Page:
In 1920, two Austrian doctors called H.G.Creutzfeldt and A.Jakob first described a disease which in many respects is similar to Alzheimer's disease:

Looking at the victims brains under the microscope, they saw that many of the normal brain cells had died, causing the development of many tiny holes, too small to be seen by the naked eye, and a mesh of fine fibres. The appearance of the brain tissue resembled a microscopic sponge, and the expression "spongiform encephalopathy" was used to describe the disease. At first, suffers of Creutzfeldt-Jakob disease (CJD) are usually unaware that anything is wrong. Often there are subtle symptoms such as lapses of memory for daily events, and sometimes mood changes. Increasing apathy and loss of interest in normal daily and social activities is common. At this point, straightforward tasks that were previously simple become progressively more difficult for the sufferer. Early in the disease, the illness is frequently disregarded by friends, relatives and the sufferers themselves as the results of stress, being 'run down' or as mild depression.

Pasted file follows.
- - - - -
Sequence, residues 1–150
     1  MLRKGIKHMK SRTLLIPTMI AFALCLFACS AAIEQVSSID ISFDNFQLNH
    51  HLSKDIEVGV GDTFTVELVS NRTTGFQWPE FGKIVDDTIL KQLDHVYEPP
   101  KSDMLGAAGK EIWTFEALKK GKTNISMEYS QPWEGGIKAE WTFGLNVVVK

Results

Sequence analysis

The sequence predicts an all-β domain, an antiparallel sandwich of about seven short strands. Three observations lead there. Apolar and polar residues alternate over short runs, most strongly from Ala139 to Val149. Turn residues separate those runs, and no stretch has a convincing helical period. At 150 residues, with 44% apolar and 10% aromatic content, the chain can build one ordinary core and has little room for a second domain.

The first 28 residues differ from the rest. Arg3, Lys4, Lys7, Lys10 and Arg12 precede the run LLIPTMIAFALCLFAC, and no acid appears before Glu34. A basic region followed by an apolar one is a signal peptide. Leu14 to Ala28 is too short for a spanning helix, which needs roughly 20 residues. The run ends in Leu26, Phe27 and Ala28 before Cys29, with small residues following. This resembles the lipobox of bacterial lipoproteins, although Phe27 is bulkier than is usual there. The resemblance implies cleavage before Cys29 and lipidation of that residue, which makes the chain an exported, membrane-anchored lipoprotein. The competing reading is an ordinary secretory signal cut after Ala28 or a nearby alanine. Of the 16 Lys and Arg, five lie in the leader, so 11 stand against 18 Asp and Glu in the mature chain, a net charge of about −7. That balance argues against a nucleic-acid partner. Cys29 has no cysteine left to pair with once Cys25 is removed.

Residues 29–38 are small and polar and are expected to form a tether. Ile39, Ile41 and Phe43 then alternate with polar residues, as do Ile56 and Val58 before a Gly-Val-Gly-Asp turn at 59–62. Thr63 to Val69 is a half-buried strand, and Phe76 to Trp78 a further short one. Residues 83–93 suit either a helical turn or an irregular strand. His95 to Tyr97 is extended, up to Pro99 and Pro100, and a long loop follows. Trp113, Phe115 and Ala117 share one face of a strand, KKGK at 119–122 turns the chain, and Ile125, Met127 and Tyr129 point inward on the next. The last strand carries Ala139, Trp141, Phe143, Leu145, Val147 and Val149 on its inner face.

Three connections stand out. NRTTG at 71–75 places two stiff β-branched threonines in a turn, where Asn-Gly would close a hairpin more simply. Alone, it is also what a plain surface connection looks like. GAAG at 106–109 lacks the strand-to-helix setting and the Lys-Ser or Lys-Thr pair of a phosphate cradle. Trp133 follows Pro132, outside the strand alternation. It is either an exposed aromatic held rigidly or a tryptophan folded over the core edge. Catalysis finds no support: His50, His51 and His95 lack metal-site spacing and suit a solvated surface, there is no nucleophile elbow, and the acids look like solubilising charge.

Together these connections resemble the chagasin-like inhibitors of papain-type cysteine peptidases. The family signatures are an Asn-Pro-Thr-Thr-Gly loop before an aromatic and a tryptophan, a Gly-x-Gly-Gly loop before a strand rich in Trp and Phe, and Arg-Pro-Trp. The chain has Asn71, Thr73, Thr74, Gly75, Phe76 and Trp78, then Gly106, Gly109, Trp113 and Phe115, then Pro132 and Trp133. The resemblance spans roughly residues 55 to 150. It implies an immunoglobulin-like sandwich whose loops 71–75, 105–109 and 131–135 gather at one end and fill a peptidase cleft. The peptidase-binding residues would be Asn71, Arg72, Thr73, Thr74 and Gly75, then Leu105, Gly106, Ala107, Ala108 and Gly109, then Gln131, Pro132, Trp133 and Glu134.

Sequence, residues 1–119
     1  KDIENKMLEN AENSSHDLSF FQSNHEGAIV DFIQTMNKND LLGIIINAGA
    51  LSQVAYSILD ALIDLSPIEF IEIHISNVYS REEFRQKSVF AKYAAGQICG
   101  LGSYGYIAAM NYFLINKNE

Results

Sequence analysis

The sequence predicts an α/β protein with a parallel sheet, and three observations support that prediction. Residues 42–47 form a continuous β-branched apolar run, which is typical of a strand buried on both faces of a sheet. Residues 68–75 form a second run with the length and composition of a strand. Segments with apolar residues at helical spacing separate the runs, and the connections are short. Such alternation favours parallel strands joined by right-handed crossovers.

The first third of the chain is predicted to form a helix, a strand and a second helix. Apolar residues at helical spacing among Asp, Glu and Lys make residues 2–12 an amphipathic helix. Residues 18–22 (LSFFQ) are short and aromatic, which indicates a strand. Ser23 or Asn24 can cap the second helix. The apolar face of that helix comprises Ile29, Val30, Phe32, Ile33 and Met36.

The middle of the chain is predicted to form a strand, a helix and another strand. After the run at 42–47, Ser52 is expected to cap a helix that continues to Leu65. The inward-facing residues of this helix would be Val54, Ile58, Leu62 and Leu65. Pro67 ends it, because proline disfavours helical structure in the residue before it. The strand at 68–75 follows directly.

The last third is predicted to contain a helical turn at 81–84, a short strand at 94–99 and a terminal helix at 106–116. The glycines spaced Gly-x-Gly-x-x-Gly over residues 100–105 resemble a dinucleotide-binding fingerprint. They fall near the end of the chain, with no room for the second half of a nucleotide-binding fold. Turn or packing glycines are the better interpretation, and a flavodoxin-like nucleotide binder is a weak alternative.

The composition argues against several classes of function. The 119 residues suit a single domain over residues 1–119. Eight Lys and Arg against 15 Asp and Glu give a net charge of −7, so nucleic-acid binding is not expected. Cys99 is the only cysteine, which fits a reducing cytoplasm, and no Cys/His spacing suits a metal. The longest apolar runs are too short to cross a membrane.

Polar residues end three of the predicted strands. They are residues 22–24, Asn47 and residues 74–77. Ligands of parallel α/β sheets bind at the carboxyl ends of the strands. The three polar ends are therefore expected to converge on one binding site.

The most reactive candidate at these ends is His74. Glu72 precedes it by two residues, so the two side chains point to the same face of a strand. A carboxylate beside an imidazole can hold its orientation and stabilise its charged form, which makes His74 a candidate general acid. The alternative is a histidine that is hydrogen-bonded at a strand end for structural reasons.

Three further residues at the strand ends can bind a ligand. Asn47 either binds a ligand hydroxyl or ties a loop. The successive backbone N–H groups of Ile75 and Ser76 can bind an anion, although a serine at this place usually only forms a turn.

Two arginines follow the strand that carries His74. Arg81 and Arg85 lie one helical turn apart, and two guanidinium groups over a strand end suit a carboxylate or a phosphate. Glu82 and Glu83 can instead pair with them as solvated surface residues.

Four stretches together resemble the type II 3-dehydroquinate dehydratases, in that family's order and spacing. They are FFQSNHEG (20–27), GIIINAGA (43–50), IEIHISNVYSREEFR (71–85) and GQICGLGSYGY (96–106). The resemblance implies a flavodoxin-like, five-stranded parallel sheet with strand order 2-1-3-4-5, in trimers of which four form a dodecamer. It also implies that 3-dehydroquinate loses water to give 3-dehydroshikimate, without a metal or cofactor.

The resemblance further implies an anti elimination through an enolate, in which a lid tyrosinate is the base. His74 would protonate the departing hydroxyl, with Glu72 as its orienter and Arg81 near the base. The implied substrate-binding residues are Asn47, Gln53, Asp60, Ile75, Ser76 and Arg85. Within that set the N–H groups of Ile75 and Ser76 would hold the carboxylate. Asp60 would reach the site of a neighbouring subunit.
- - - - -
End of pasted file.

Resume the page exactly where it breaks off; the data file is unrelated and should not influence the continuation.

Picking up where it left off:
Within weeks of the onset of the disease, other less easily discounted symptoms begin to appear. Neurological signs such as loss of balance, hesitancy in walking, deteriorating vision (sometimes including terrifying hallucinations), slurring and slowing of speech are common. After this, sufferers decline rapidly, becoming incontinent and experiencing involuntary, jerky movements of the limbs (known as myoclonus). Most patients slip into a comatose state without the ability to speak or move. Fortunately, the very apathy and loss of mental functions which CJD causes seems to protect victims from awareness of their fate. People affected by CJD usually die within 6 months of the onset of the disease. Only in 10% of cases does the disease run a more prolonged course of, for example, 2-5 years.

There is no known cure for CJD nor is there any treatment which can halt the progress of the disease.

© AJC 1997.